The Weber County Sheriff's Search and Rescue team is composed of 100 volunteers, about six of them women, says SAR director Sgt. Brandon Toll. All bring skill and experience to their work and the ability to respond at a moment's notice.
In the myriad landscapes of Weber County, they train for searches in marshland, waterways, mountains and cliffs, snowmobile and ATV trails and more.
"We have to have people trained up for any possibility that can happen," Toll says.
Would-be volunteers must have demonstrable expertise and the gear and knowledge to go along with it. Applicants undergo a background check and, if they appear to be a good candidate, interview with SAR's executive staff.
"Basically, you're voted in and put on probation for one year," Toll says. "Hopefully, you can do what you tell us you can do, to make sure you work out for our teams."
Divers, for example, must be trained in black water diving, which is being able to work in an absolute absence of light. A climber's expertise is crucial. Search dogs and their handlers must be highly trained.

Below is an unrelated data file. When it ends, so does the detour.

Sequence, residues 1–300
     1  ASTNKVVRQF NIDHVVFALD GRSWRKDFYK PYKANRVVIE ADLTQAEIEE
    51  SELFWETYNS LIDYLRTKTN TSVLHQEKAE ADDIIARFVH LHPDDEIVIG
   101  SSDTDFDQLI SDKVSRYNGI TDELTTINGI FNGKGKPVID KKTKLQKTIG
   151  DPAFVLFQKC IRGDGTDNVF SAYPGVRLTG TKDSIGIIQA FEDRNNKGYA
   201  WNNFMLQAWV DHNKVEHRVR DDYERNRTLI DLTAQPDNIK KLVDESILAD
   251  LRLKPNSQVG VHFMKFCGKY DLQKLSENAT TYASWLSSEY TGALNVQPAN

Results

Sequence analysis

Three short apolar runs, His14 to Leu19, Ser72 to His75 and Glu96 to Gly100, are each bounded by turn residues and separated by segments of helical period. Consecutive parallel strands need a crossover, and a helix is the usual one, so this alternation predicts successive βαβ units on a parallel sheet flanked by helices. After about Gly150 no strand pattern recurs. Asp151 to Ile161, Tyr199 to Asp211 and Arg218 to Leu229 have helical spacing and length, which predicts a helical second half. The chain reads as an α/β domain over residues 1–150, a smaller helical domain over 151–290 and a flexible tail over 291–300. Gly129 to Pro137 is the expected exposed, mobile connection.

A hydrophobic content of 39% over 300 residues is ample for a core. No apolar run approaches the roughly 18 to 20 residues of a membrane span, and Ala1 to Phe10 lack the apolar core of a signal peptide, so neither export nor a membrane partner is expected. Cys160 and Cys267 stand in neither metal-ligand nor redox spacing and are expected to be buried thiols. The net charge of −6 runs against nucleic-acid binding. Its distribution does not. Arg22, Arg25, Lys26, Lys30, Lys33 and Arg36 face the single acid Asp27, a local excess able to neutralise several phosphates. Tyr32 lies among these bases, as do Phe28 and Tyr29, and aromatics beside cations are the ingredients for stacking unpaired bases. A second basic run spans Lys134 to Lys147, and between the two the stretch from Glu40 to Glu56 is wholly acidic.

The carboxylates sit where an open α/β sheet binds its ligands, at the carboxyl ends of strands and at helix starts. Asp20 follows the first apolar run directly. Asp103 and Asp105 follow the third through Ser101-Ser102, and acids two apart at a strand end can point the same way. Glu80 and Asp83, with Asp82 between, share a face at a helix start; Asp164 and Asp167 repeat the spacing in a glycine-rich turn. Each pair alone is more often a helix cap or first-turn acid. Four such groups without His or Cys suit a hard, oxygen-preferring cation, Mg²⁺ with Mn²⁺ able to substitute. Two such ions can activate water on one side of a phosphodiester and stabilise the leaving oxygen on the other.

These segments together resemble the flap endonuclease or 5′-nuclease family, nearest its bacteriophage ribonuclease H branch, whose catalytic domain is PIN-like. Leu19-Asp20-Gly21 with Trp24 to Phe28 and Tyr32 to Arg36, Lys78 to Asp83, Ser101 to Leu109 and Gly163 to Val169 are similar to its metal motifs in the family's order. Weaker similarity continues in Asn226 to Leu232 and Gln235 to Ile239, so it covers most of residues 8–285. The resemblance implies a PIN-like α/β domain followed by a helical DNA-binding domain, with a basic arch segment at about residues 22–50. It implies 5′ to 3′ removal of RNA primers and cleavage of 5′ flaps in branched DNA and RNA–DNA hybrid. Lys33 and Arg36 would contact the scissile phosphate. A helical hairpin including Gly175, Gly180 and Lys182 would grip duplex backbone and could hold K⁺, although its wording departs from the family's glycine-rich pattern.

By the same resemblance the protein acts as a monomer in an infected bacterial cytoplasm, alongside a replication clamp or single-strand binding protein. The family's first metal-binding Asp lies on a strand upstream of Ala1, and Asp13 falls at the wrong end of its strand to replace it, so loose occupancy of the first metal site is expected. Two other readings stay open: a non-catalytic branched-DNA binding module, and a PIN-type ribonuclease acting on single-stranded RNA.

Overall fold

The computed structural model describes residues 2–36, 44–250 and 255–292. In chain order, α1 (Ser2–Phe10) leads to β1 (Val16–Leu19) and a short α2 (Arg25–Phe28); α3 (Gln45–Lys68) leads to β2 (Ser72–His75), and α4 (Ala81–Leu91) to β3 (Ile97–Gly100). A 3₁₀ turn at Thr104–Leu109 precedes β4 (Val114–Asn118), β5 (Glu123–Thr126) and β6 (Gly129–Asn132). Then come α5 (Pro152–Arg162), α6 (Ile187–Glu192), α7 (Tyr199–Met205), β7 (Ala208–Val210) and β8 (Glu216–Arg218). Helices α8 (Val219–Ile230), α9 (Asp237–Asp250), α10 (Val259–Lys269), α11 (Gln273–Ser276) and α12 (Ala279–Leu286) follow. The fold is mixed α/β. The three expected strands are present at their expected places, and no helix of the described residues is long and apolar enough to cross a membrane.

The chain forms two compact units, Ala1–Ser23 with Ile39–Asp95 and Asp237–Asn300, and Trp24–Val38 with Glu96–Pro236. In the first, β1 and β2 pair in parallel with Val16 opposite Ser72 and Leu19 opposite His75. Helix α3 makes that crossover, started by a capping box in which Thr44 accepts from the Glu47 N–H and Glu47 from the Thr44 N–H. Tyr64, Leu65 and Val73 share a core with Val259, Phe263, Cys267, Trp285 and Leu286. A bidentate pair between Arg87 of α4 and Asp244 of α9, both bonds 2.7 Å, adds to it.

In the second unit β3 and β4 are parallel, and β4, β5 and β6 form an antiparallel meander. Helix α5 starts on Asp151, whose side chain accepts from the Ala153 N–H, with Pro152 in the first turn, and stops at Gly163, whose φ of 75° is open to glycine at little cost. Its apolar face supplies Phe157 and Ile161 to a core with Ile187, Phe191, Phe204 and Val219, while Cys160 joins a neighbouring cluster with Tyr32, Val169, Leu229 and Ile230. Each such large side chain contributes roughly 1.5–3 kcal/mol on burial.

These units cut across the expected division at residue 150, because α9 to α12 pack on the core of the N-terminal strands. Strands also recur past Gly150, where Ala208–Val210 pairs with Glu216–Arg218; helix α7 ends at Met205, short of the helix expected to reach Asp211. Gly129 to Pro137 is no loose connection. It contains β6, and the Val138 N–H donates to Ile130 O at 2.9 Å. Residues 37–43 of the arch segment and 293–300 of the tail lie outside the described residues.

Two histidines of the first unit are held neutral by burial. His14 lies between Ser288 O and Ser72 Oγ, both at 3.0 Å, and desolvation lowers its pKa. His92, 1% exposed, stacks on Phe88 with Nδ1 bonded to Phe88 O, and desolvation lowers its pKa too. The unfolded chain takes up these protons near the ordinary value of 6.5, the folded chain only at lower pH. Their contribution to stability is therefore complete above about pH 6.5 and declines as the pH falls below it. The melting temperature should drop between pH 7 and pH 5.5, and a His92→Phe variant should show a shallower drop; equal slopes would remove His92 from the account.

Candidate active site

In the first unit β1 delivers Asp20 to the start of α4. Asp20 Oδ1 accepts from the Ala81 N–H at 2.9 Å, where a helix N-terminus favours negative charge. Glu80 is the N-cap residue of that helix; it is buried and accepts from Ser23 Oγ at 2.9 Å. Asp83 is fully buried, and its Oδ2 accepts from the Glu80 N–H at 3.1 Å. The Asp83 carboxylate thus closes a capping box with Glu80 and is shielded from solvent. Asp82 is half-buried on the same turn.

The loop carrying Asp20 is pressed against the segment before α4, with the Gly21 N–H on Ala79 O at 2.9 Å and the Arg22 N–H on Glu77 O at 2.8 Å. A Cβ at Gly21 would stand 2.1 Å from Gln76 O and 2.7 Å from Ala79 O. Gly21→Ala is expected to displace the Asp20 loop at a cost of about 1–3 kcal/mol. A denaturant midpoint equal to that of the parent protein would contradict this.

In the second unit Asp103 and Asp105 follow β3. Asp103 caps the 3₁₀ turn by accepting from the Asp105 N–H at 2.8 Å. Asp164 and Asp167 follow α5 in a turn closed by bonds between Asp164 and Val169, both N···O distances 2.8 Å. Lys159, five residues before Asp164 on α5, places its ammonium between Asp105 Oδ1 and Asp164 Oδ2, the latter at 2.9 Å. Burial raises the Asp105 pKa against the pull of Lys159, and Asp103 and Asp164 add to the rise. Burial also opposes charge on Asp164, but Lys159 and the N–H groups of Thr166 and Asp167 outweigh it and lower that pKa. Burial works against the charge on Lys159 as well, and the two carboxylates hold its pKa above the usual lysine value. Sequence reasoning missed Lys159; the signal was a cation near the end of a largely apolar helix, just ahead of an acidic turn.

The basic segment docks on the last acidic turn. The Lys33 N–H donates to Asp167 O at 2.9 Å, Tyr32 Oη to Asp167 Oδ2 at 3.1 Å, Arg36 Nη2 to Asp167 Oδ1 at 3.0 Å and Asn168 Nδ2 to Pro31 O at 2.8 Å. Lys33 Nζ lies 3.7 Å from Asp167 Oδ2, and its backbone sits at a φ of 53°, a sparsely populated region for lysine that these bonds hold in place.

Toll says a lot of volunteers not only have great skill, but are involved in their communities and often have training in first aid and CPR, for example.
"Basically, be prepared for wanting to be part of something like this," he says. "I get a lot of people who say, 'Hey, I'm a Boy Scout leader.' That's great, but just being an outdoor enthusiast doesn't make you a good search-and-rescue candidate."
Nor is there always a happy ending, Toll says, and even the "toughest guy" might break down. If so, they're unlikely to remain a member of the SAR team.
For those who remain, like those on the river Wednesday, the search goes on.
Early in the search, the river flow was lowered and divers were able to make a detailed search. Now, with the water back at spring flow levels, divers would be in danger and other searchers were using kayaks.
Toll does worry about the Andersons' friends and family, who were searching on the banks of a river with a powerful undercurrent and pockets up to 12 feet deep.
"No safety gear, no life vests," he says. "It's nerve-wracking for me because they're putting themselves next to the water."
Not so for the search-and-rescuers who, like their counterparts all over the world, put themselves in peril for people they don't even know. The rest of us are lucky they're here.
Peg McEntee is a news columnist. Reach her at firstname.lastname@example.org, facebook.com/pegmcentee and Twitter, @Peg McEntee.